In the first clinical study of a vaginal ring that releases the antiretroviral drug dapivirine as well as a contraceptive hormone, there were no safety concerns and the ring was well-tolerated, researchers from the National Institutes of Health-funded Microbicide Trials Network (MTN) reported at the HIV Research for Prevention conference (HIVR4P 2018) in Madrid.
The ring is designed to provide protection against both HIV infection and unintended pregnancy for 90 days at a time. As this was the first clinical study of the dual-purpose ring, women used it for just 14-days so that researchers could assess its safety and measure how dapivirine and levonorgestrel, a synthetic progestin used in many contraceptives, are each taken up in the body. The ring contains 200 mg of dapivirine and 320 mg of levonorgestrel.
Given the encouraging results of the study, known as MTN-030/IPM 041, the research team has already launched a second Phase I trial of the dual-purpose ring in which participants will use it for 90 days.
Results of the current study found plasma concentrations of levonorgestrel throughout the 14-day period were at levels consistent with those required for contraception. As expected, the amount of dapivirine in plasma was comparatively higher with the dual-purpose ring than has been seen in previous clinical trials of a monthly ring containing 25 mg of dapivirine.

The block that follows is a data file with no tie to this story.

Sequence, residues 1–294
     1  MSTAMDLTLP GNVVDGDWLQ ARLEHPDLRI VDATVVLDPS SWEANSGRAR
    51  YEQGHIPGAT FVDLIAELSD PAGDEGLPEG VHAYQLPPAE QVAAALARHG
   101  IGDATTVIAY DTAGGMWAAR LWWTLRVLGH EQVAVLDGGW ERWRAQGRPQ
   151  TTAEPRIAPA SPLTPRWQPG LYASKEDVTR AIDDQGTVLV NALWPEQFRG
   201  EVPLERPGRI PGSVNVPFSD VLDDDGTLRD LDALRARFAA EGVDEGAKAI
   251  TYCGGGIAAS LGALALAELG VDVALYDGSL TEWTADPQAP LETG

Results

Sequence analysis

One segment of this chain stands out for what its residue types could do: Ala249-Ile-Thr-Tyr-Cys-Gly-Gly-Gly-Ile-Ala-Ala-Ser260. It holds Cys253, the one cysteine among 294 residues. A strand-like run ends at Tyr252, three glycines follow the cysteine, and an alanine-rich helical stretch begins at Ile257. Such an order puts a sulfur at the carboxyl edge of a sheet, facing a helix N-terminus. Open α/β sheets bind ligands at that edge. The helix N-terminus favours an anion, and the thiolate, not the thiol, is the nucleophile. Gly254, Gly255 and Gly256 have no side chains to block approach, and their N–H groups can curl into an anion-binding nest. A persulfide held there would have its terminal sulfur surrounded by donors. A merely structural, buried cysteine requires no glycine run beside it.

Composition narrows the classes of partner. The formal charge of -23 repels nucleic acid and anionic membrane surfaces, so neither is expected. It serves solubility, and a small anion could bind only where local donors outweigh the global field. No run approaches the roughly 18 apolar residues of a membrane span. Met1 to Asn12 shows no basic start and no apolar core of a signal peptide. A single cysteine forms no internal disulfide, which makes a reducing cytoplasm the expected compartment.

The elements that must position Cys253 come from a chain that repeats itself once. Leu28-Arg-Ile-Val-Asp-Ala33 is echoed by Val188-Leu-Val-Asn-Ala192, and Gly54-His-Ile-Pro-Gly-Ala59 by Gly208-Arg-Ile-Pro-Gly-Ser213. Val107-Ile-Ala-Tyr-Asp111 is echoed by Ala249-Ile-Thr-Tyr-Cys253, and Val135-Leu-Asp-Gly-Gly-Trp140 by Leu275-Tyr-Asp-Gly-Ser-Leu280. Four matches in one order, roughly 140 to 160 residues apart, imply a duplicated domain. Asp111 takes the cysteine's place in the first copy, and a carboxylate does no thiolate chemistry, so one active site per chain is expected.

The 25 mg monthly dapivirine ring was found to be well-tolerated and to reduce HIV risk in two Phase III trials – ASPIRE, conducted by the MTN, and The Ring Study, conducted by the non-profit International Partnership for Microbicides (IPM), which also developed the monthly ring and is seeking its regulatory approval. IPM developed the dual-purpose ring as well.
If approved, the monthly dapivirine ring would be the first biomedical HIV prevention method developed specifically for women. Researchers recognise that a ring that is replaced every three months may be easier for women to use than a monthly ring. And depending on individual and life circumstances, some women may find a product that can also double as their contraceptive method especially appealing.
“We are very encouraged by our findings in this first-in-human study of the dapivirine-levonorgestrel ring. And with a second study under way, we are another step closer to potentially having an easy-to-use product that can provide safe and effective, long-acting protection against both HIV and unintended pregnancy,” said Dr Sharon L Achilles, assistant professor of obstetrics, gynaecology and reproductive sciences at the University of Pittsburgh School of Medicine, director of the Magee-Women’s Research Institute Centre for Family Planning Research and protocol chair of the MTN-030/IPM 041 study.
MTN-030/IPM 041 was conducted at Magee-Women’s Hospital of UPMC in Pittsburgh and the University of Alabama at Birmingham (UAB), in close collaboration with IPM. The study enrolled 24 women who were randomly assigned to use either the combination dapivirine-levonorgestrel ring or a ring containing 200 mg of dapivirine alone.